WHAT IS THE STATUTE OF LIMITATIONS FOR A TCPA LAWSUIT?
A statute of limitations is the period of time from the date of the violation to the deadline for filing a lawsuit or the lawsuit will be time barred. “Time barred” is another way of saying that the statute of limitations has expired.
The TCPA does not provide an express statute of limitations so the four year federal “catch all” limitations period of four (4) years governs TCPA claims. 28 U.S.C. Section 1658(a) (2017). If the TCPA case is filed in federal court, the limitations period may be tolled during the periods when a prior TCPA class action was pending if the plaintiff was a member of the prior class or potential class.
DOES THE TCPA SPECIFY A STATUTE OF LIMITATIONS PERIOD ?
The TCPA does not specify a statute of limitations. When a federal law does not provide for a statute of limitations, the courts often have to decide whether to apply the federal or the state statutes of limitations.
For many years, courts applied the statute of limitations of the state where the case was filed. This practice arose because the TCPA provides “[a] person or entity may, if otherwise permitted by the law or rules of court of a State, bring an action in an appropriate court of that State ***.” 47 U.S.C. Section 227(b)(3).
On January 18, 2012, the United States Supreme Court issued its decision in Mimms v. Arrow Financial Services, LLC, which held that defendants can remove (i.e., transfer) a TCPA case from state court to a federal trial court regardless of the amount in controversy and that the federal court has jurisdiction to hear the case. Mimms v. Arrow Fin. Servs, LLC, 565 U.S. 740, 132 S.Ct. 740, 181 L. Ed. 2D 88 (SCOTUS 2012). Although the Supreme Court’s decision in Mimms did not address the applicable statute of limitations, it undercut the grounds for borrowing the state’s statutes of limitations. After Mimms, federal courts apply the four-year federal “catch all” statute of limitations period set forth in the United States Code. The United States Court of Appeals for the Second Circuit relied on the logic in Mimms to apply the federal four year catch all limitations period in Giovanniello v. ALM Media, 726 F.3d 106 (2nd Cir. Aug. 8, 2013) and in Bank v. Independence Energy, 726 F.3d 760 (2nd Cir. Dec. 3,2013).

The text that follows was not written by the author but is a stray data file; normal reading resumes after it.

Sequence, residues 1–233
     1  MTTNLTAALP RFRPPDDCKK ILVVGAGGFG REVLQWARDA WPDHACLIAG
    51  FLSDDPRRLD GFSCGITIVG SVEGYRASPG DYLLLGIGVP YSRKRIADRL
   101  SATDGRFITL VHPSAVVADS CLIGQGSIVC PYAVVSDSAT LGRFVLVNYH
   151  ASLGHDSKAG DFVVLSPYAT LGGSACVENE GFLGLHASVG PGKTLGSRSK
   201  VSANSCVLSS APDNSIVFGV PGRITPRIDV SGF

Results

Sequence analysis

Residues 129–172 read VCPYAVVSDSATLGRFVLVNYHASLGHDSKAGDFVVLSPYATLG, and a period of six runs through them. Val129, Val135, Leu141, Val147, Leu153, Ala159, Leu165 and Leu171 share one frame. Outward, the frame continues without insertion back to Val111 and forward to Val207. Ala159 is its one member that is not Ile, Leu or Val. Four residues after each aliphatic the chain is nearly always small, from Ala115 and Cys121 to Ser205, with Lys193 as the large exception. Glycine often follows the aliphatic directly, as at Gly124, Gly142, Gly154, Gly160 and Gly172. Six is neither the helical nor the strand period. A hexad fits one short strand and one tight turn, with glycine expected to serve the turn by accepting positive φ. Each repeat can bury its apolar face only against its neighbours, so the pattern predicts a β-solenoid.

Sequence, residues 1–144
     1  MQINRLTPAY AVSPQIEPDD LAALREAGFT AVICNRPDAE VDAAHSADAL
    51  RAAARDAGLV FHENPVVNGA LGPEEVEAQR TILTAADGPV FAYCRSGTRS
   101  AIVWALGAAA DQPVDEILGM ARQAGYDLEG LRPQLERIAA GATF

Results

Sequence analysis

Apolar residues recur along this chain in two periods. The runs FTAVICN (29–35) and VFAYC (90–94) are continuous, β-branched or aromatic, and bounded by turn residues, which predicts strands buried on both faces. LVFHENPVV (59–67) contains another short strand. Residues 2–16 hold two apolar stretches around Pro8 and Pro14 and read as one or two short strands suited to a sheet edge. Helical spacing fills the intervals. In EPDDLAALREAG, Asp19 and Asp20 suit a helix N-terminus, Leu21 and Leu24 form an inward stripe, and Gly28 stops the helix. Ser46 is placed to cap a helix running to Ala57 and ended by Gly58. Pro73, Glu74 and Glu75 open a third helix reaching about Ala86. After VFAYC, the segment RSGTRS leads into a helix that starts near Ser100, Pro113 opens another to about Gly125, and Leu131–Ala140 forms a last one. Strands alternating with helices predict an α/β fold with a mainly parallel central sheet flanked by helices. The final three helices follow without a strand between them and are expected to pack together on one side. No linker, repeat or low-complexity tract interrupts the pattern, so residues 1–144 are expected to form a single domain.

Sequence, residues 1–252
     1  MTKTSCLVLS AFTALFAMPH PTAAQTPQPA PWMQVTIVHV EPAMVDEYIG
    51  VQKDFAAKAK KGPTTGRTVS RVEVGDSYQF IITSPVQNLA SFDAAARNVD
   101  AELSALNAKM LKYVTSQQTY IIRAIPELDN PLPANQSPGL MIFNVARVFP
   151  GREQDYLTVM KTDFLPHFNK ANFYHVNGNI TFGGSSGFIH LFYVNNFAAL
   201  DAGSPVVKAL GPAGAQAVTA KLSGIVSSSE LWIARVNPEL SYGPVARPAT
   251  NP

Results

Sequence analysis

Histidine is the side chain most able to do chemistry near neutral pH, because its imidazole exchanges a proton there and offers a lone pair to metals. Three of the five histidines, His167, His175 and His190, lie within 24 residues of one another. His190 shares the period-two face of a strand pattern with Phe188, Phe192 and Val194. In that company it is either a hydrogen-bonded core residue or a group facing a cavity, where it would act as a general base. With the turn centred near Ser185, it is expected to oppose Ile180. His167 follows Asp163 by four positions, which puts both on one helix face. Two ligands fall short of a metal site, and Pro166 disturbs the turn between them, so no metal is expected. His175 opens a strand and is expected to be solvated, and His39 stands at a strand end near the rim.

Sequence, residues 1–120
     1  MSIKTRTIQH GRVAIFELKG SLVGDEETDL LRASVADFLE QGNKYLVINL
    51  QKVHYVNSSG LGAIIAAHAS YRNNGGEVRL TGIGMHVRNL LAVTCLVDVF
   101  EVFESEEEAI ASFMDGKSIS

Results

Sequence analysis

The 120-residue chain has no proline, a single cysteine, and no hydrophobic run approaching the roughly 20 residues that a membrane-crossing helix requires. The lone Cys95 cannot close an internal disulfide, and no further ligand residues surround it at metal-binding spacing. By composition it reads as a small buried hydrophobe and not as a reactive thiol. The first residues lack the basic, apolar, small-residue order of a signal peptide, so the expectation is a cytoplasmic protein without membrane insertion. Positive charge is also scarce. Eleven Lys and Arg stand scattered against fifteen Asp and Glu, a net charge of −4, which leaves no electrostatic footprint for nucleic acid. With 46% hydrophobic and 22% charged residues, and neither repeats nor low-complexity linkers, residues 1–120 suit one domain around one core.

The federal “catch all” statute of limitations provides that :
except as otherwise provided by law, a civil action under an Act of Congress enacted after the date of enactment of this section may not be commenced later than 4 years after the cause of action accrues.”
28 U.S.C. Section 1658(a) (2017). Congress enacted this statute of limitations on December 1, 1990, a full year before Congress enacted the TCPA on December 20, 1991, so this statute of limitations applies to TCPA claims.
CAN I FILE A TCPA CLASS ACTION MORE THAN FOUR YEARS AFTER THE CALLER VIOLATED THE TCPA?
Statutes of limitations are hardly a “cookie cutter” formula because there are many exceptions. If the TCPA lawsuit is filed in federal court, the statute of limitations my be tolled while a class action is pending. Tolled means that the 4 year “shot clock” is turned “off” beginning on the date the class action was filed until the court denies or grants class certification. The growth in the number of TCPA class actions, many individual’s TCPA cases may be tolled because of this exception. In many cases, this tolling theory can substantially expand the number of days or years available.
WHY IS THE TCPA STATUTE OF LIMITATIONS TOLLED BY A CLASS ACTION?
In American Pipe & Const. Co. v.Utah, 414 U.S. 538 (1974), the United States Supreme Court was presented with the question whether a statute of limitations is tolled for members of a class action for the period from initiation of that action until class certification is denied. The Supreme Court was concerned that allowing the statute of limitations to continue to run while a putative class was pending would require potential class members to protect their rights by intervening or even filing individual lawsuits which would undermine the efficiency of the the class action process. American Pipe & Const. Co. v. Utah, 414 U.S. 538, 554 (1974). See also, Crown, Cork & Seal Co., Inc. v. Parker, 462 U.S. 345 (1983).